Android 2.3 (code named Gingerbread) first showed up in the Google Nexus S phones. One of the key changes is the new file system, ext4 (fourth extended file system), versus YAFFS (Yet Another Flash File System) that are in Android 2.2 (Froyo) phones currently in the market.
ext4 comes out from a 3-year development prior to Google’s announcement of Android 2.3 inclusion in December of 2010. It can support volumes with sizes up to 1EB (exabytes) and files up to 16 TB (terabytes). It uses extents, contiguous physical memory blocks, to improve the large file performance and reduce fragmentation from the block mapping scheme of ext2/3. YAFFS is single threaded.and would have become a bottleneck of performance in dual-core systems. Ext4 changes that and enables further optimization on dual-core phones that will come out in 2011. All these improvements will come in handy when you start using the 10+MP cameras and 720p video recording features that come with the smart phones in the near future.
Another development of file system is Btrfs as part of MeeGo strongly supported by the US semiconductor giant – Intel Corporation. Each of the two latest file systems has its advantages and disadvantages. Btrfs is still under development and that’s the key reason it wasn’t selected as part of the Android 2.3. ext4 beats it in timing and system stability requirements.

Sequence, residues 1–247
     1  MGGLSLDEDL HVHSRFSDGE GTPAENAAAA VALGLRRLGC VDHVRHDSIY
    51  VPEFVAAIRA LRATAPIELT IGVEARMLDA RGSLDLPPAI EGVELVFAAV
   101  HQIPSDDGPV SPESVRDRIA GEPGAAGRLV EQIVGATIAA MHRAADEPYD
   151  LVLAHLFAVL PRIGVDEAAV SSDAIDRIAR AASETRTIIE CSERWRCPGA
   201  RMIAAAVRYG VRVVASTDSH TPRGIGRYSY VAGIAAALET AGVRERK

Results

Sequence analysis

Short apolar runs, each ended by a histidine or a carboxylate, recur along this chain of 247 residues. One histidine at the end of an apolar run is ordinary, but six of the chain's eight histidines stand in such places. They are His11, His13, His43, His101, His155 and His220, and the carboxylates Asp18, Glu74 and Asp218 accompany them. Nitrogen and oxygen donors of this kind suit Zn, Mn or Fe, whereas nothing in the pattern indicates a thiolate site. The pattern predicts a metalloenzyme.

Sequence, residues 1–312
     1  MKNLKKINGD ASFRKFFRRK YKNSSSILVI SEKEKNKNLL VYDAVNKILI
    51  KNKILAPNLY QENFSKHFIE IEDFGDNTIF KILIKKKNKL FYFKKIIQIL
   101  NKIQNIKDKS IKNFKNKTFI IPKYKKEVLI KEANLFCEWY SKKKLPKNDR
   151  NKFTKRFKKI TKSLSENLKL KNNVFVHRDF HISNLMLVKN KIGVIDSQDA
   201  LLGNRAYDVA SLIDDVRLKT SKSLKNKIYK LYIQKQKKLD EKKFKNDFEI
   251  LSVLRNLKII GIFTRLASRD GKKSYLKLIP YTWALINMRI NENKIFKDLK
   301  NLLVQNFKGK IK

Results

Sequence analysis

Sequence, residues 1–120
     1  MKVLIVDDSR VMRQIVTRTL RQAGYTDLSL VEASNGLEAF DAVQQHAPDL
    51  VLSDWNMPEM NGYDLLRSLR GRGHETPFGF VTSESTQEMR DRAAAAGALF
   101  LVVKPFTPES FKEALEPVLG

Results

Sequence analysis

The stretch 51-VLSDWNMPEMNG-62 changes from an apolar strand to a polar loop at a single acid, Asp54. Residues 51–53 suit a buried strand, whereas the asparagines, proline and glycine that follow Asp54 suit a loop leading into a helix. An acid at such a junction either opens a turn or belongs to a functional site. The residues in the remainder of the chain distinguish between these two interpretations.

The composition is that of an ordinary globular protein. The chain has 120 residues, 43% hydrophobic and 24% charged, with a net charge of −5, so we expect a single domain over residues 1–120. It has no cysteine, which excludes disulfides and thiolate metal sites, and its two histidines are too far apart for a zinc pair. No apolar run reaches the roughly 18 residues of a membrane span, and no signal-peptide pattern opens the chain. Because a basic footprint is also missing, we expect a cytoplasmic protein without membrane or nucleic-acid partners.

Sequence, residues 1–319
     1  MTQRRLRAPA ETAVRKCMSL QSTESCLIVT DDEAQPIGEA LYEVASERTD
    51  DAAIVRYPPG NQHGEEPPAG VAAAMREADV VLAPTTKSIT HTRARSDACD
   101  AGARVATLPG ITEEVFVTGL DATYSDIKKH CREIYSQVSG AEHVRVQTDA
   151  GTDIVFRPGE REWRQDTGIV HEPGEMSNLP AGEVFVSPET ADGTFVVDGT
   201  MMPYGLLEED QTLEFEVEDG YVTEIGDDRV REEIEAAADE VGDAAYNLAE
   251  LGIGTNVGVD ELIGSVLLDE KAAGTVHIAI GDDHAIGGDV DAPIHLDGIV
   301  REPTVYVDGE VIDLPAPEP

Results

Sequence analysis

File systems for mobile devices got their attention because of the limited life cycle of the NAND Flash devices. Wear Leveling has been the key objective of the file systems like YAFFS, JFFS2 and Samsung’s RFS. However, all these earlier file systems are lagging in their performances. Users’ experience and the improvement of it is still high up in the customer requirement list, even under the constraints of power consumption consideration. Both ext4 and Brtfs answer to the issue and their adoptions by smart phones and tablet PCs are quite foreseeable, in SmartMobix’s
Tags: File System